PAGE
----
Please don’t add me as a connection on LinkedIn unless you REALLY mean it!

It’s not the numbers that count on LinkedIn but the relationship and being connected for the ‘right’ reasons. I get lots of canned ‘I’d like to add you to my professional network‘ messages that almost everyone sends.  My immediate thought is always, ‘No you wouldn’t, if it were professional, you’d approach this in a professional manner’! Then I relent, a little, after all LinkedIn makes it so easy to do ‘happy clicking’ to a list of people it thinks you might know, just because they are connected to someone you are already linked to.

I have taken to replying to such requests with an email back asking them to explain why they thought connecting with me was a good idea.  Most of those that do reply send back something more considered telling me why I popped up. We then have the basis of a new business relationship – they know more about me, I know more about them and we have established a point of connection.  They may even realise that I’m serious when I say I want to get to know everyone I connect with. And that I am genuinely interested in what they are doing and why they are doing it.

Some people will suggest that you connect because we are in the same group or you’ve just moved to same county as me or that you’re looking to build up a new network in this market section.  These amendments to the canned message also do not suffice because these requests are often made by people trying to increase their numbers. They also have the feeling of someone trying to build an easy mailing list for the next time they can’t be bothered to send individual messages.

In my humble opinion, the correct way to connect on LinkedIn is to visit the person’s profile, get a feel for what the benefits are to both you and them of connecting and then send a simple, short message explaining. It might be something along the lines of ‘it was great to meet you at .xxx. event and I enjoyed our conversation about .xxx. I’d like to keep in touch to follow up so it would be great to connect’.

What do you think? Do you have any connection request horror stories or do you just accept all who come along regardless?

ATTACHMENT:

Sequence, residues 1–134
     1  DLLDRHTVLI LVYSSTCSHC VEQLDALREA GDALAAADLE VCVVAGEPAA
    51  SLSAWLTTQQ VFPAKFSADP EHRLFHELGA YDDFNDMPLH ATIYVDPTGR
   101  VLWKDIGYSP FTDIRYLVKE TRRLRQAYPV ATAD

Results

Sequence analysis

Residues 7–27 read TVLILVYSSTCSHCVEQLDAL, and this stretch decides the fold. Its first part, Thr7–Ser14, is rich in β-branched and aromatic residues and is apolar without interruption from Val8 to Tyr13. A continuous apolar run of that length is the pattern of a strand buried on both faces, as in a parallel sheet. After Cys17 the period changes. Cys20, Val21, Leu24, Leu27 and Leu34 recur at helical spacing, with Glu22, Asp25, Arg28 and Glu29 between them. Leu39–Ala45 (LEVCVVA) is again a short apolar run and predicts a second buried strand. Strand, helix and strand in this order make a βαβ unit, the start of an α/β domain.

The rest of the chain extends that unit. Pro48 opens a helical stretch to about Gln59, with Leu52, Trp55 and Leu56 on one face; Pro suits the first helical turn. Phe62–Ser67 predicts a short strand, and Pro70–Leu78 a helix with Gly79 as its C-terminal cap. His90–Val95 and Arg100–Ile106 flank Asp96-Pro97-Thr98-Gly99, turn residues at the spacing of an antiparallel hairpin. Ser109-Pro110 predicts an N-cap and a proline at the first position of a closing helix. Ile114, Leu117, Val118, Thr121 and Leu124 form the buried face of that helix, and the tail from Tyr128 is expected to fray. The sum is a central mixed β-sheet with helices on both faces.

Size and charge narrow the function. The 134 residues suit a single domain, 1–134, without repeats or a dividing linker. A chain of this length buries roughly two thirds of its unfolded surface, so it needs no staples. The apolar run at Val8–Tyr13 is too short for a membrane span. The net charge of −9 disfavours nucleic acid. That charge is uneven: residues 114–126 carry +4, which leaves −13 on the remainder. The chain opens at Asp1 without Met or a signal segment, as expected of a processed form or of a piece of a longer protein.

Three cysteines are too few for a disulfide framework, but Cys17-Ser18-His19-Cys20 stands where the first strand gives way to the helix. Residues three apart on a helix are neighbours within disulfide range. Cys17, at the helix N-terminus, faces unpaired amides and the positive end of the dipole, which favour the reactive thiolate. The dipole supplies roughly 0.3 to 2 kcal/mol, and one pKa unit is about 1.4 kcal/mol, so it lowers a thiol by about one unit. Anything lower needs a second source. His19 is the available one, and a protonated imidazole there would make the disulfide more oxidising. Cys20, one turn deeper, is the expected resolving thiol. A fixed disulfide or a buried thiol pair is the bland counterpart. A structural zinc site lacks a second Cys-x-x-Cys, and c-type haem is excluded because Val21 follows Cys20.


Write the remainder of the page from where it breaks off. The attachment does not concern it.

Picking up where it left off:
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  1. Well, I don’t know you – we have never met, but I do like the blog, and it made me sit up and reflect on the number of people who are connected to me on LinkedIn – and most of them I don’t really know! Thank you, Eddie

  2. I have no problem adding someone to my network but I do have a problem with getting a follow-up email asking for a recommendation. It is LinkedIn itself that has perpetuated the whole idea of recommending without knowing someone. The same goes for the endorsements. I was chasing around people who endorsed me, reading what they are up to and then endorsing 🙂 – this time-waster got old really quickly.
    Linda, I am guilty of not returning emails because much of the time they are filled with follow me here and there, check out my books, site, blog… When I have connected, it seems to go by the wayside really quickly – similar to a lovely one night stand.

  3. I know, it’s unfortunate and one of the main reasons that I personally never send messages to potential connections this way. If you were to use it though then perhaps a follow up message to say ‘hi’ would be in order too 🙂

  4. “I’m particularly fed up with receiving the canned ‘I’d like to add you to my professional network‘ message that almost everyone sends”

    While I understand this, if you’re using a app rather than the website (iphone, pad, android, blackbery) the “invite to connect” button sends this message automatically and does not offer the opportunity to personalise the message.

  5. Wow, I’ve not come across that one before Nick – I think that’s taking the whole spam linking to an absolute extreme. What did you do with the recommendation?

  6. I do agree. its very easy to get spammed in linkedin. the most recent weird thing was someone writing a recommendation for me who I had never met…..its an odd form of self promotion for the person writing that prose…so yes i know what you mean about a lack of meaningful engagement from certain people.

  7. I’m always up for a challenge and thanks back to you as well. I shall find you on LinkedIn Steve and ask you to connect – following my own advice naturally. It seems that ‘birds of a feather …’ and all that still rings true and those of us who have been around the block webwise for more years than we probably care to remember understand that the value of the web is in connecting people to people rather than in being a faceless entity only intent on selling.

  8. Linda, Your taking time to shoot me a note about my comment elsewhere is classy. Now that I have read your thoughts you kindly labeled a “rant” you have a great way of sharing who you are while you state your case. Nifty!
    I would be honored to add value to your pursuits too. Share a challenge and let’s see how “I Ship” per one of my many mentors, Seth Godin, whom I have been following long before so-called social networking or before it was “fashionable” if you will.
    Here’s to a decent weekend for all of us.
    Your newest or newer advocate!
    Thank you, Linda. Stephen “Steve” Q – Delray Beach FL